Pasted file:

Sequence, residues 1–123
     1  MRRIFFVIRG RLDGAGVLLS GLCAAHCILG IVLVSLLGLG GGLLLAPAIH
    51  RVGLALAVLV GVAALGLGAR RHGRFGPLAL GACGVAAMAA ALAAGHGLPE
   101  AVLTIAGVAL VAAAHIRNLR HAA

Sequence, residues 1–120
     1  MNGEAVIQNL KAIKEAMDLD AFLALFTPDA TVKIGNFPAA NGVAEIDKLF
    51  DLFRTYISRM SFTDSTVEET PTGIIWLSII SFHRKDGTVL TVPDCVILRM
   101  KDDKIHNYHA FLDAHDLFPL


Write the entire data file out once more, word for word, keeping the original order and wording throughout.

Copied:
Sequence, residues 1–123
     1  MRRIFFVIRG RLDGAGVLLS GLCAAHCILG IVLVSLLGLG GGLLLAPAIH
    51  RVGLALAVLV GVAALGLGAR RHGRFGPLAL GACGVAAMAA ALAAGHGLPE
   101  AVLTIAGVAL VAAAHIRNLR HAA

Sequence, residues 1–120
     1  MNGEAVIQNL KAIKEAMDLD AFLALFTPDA TVKIGNFPAA NGVAEIDKLF
    51  DLFRTYISRM SFTDSTVEET PTGIIWLSII SFHRKDGTVL TVPDCVILRM
   101  KDDKIHNYHA FLDAHDLFPL